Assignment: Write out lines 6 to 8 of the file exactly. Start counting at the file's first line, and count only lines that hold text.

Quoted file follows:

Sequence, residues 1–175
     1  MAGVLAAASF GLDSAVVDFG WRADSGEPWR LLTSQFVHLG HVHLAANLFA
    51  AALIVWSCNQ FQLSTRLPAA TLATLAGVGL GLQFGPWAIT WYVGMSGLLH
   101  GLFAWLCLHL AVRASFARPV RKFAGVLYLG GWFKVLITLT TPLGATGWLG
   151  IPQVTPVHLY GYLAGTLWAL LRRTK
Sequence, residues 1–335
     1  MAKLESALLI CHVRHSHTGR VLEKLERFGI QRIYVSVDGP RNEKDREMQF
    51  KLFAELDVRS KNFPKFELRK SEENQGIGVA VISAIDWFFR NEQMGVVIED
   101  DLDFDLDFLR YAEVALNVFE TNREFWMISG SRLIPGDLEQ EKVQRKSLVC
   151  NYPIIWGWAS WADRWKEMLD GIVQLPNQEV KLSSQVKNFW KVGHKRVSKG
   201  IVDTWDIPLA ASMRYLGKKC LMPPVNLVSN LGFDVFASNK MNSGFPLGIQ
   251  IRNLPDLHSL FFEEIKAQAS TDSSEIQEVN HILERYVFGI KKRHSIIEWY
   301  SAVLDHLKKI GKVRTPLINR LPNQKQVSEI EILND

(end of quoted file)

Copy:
Sequence, residues 1–335
     1  MAKLESALLI CHVRHSHTGR VLEKLERFGI QRIYVSVDGP RNEKDREMQF
    51  KLFAELDVRS KNFPKFELRK SEENQGIGVA VISAIDWFFR NEQMGVVIED